Deb at Smitten Kitchen cut her dough into long elegant straws.  For the cheddar version I went for a shorter rectangle.

I found that during the baking process, the cracker puffed a bit–no bigger but I lost the pretty scallop edge created by my roller.


For the pecorino version, I tried squares and added a hole in the middle of each (Cheez-It style).  I also put this version back in the fridge for a few minutes after cutting them into squares.  No puffing and the edges stayed clean.

Regardless of shape, both versions were dangerously tasty.  If making for a party, you could easily bake them off, freeze and then re-crisp right before the party in a preheated 350 degree oven for 10-15 minutes.

Now…if only the moonshine would hurry up and finish…I need my bathtub back.

If you like this you might enjoy these

Garlic Knots

Scooby Snacks


Fellow Bruin Sara Bareilles.

Cheese Straws

Adapted from Smitten Kitchen who adapted them from The Lee Bros. Southern Cookbook


  • 1 1/2 cups (about 6 ounces) grated extra-sharp Cheddar cheese
  • 4 tablespoons (1/2 stick or 2 ounces) unsalted butter, softened and cut into 4 pieces
  • 3/4 cup flour, plus more for dusting
  • 1/2 teaspoon kosher salt
  • 1/4 teaspoon ground cayenne pepper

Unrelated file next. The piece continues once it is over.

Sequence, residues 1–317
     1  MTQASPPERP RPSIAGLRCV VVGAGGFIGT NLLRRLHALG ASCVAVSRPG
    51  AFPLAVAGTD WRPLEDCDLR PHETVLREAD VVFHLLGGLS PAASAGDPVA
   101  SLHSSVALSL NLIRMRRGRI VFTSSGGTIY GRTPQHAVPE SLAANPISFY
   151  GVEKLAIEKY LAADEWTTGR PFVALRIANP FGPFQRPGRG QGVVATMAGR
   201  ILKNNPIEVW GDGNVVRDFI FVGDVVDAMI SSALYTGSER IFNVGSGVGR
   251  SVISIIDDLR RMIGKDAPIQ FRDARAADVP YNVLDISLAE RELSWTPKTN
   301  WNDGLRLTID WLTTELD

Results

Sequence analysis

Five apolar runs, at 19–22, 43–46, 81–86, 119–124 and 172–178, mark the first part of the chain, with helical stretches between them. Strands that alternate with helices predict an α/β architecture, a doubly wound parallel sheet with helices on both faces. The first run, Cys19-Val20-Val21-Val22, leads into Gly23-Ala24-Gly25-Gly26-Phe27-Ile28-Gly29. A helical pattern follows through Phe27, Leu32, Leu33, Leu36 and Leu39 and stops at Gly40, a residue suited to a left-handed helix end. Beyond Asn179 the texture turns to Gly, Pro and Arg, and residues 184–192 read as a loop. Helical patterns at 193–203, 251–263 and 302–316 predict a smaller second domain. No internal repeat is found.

• 1 tablespoon half-and-half, cream or milk


  • Preheat oven to 350°F.
  • In a food processor, combine the cheese, butter, flour, salt and red pepper in five 5-second pulses until the mixture resembles coarse crumbs. Add the half-and-half and process until the dough forms a ball, about 10 seconds.
  • Place the dough ball in the middle of a large piece of parchment.  Cover with another piece of parchment and roll the dough into a (roughly) 8×10 rectangle about 1/8 inch thick.  Let dough cool in fridge for about 30 minutes.
  • Remove from fridge and pull-off the top layer of parchment.  Using a sharp knife, pizza cutter or pastry wheel, cut dough into desired shapes.  Deb from Smitten Kitchen cut them into long 1/8 inch straws.  I made both 1X2 inch rectangles and 1X1 inch square crackers.  Transfer to a parchment-lined baking sheet.
  • Bake the straws on the middle rack for 12 to 15 minutes, or until the ends are barely browned. Remove from the oven and set the cookie sheet on a rack to cool.
  • Serve at room temperature. Cheese straws will keep in the refrigerator, in a sealed container, for two days. Straws can also be frozen in an airtight bag and crisped-up in a 350 degree oven for 10-15 minutes.

Variations: In the variation above, I swapped-out the cheddar for pecorino and the cayenne for 1 tablespoon of fresh, chopped rosemary.  The combos are limitless…


One thought on “Crackers and straws and cheeses oh my!”

  1. I love cheese-flavored crackers… Goldfish, cheez-its — I’m eagerly anticipating all of them upon my return to the States. And to know that I can make my OWN gourmet cheez-its sans palm oil?! Bring on the cheddar!

    P.S. How can I find a USF intern who loves food?